When we first came to Texas, I hated it. I felt like I had been ripped out of paradise and deposited in the desert. The summers are hotter and the winters are colder. It's a lose/lose situation. But after 9 years, it's home. The summer is still hot. The winters aren't as bad as the northeast. And it's home now. And if I must live in Texas, the Austin area is the BEST.

My brother and his family had never been to Texas. They loved it. They went to the Alamo. We took a Sunday drive all through Austin and stopped in to see the Capitol and toured the UT campus by car. They really thought it was a great city. And I guess it really is. It's interesting to see your 'home' through a visitor's eyes. And I can appreciate how funky and different the city of Austin is. To me, Austin is a big town/little city. I am not intimidated navigating it's streets. Drop me into the middle or Dallas or Houston and you will see panic! I hope Austin never gets like that (although it's growing more crowded every year.)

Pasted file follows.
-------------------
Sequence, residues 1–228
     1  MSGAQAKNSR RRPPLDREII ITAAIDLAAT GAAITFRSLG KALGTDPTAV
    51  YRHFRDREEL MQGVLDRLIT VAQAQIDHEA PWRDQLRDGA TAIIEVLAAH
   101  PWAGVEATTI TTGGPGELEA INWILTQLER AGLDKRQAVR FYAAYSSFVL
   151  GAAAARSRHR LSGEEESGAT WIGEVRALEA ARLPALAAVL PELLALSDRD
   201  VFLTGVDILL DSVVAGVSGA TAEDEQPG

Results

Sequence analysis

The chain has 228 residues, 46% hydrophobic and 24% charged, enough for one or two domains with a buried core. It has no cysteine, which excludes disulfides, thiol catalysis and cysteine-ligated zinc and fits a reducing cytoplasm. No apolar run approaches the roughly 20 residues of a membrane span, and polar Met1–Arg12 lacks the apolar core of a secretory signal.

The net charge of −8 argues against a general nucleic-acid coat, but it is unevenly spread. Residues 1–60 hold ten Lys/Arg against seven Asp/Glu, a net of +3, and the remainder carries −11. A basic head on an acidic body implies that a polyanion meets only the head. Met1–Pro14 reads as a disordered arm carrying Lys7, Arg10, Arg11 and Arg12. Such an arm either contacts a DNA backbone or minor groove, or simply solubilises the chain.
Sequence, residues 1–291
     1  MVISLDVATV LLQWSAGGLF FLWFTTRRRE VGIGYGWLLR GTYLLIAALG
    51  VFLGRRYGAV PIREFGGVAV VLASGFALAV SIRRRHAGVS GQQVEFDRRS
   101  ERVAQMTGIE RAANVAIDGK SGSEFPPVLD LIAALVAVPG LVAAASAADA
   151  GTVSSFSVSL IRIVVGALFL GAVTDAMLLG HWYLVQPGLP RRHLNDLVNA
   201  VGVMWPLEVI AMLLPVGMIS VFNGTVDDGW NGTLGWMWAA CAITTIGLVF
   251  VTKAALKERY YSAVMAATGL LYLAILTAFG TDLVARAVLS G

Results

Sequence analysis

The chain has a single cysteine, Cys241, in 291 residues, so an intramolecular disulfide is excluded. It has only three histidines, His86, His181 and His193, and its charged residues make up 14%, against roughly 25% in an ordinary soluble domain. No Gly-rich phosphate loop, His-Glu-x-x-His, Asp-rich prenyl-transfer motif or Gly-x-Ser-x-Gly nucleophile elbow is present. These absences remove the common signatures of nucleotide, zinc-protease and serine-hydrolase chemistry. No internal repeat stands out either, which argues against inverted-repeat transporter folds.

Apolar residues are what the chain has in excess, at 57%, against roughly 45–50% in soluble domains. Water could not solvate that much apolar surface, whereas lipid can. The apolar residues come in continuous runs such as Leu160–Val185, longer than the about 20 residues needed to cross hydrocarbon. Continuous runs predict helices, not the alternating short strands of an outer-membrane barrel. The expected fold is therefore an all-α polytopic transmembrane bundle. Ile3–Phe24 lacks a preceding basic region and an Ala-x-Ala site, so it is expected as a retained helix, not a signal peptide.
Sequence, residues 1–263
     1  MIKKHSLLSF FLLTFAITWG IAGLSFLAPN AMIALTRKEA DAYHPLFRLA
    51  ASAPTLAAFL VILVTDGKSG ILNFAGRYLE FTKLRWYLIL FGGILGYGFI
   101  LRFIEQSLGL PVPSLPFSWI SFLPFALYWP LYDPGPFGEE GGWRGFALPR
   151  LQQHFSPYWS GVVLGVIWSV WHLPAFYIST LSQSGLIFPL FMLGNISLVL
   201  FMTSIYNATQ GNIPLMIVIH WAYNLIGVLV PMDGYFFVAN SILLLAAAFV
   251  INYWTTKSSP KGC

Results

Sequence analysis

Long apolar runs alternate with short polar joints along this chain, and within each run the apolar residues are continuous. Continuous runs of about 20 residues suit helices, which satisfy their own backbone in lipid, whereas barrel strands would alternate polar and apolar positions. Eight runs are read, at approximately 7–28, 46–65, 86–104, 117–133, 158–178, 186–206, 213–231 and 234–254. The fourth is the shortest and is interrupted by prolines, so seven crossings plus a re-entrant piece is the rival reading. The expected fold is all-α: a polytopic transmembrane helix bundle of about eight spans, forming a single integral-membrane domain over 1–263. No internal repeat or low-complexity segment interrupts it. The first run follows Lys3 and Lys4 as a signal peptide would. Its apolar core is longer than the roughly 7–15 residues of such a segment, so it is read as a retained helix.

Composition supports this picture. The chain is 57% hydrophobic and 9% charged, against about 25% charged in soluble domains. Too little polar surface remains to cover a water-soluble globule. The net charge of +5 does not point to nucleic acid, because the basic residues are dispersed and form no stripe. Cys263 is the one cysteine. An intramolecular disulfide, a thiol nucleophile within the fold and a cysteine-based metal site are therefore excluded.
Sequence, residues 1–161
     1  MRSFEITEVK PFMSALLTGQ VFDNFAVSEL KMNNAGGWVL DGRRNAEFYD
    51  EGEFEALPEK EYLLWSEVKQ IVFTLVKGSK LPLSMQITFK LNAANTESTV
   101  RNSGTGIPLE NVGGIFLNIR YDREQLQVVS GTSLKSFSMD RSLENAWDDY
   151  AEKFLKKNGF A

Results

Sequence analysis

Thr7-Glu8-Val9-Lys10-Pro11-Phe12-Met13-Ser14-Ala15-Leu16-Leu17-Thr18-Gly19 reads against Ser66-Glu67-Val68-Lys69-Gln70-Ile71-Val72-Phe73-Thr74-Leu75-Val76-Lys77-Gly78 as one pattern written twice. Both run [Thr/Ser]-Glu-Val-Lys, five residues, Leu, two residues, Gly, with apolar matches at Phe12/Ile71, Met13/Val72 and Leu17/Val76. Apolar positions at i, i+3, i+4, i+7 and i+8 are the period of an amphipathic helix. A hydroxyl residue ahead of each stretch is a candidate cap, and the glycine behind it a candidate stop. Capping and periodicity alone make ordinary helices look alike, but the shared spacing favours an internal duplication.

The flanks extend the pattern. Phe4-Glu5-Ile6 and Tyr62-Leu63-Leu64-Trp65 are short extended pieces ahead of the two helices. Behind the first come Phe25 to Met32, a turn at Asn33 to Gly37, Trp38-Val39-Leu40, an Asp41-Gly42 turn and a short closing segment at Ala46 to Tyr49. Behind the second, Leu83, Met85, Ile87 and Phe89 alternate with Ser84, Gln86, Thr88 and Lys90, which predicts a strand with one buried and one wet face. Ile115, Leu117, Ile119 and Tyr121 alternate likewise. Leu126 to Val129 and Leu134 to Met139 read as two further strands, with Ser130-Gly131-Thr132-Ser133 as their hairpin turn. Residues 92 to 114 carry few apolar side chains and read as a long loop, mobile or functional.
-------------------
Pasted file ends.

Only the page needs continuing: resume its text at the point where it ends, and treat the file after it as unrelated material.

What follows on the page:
The thing that they kept saying was how 'clean' it is here. Is it really? No.... it's just younger. I remember when we first moved to Florida. I had that same impression. Everything is clean and bright. I think it is just that in comparison to the northeast, it seems that way. The northeast is the oldest part of our country. It was once very industrial. The infrastructure is aged. The winters take their toll on things. It's just older. And I do believe the air isn't as clean either. So there are many factors. It's a comparison between apples and oranges.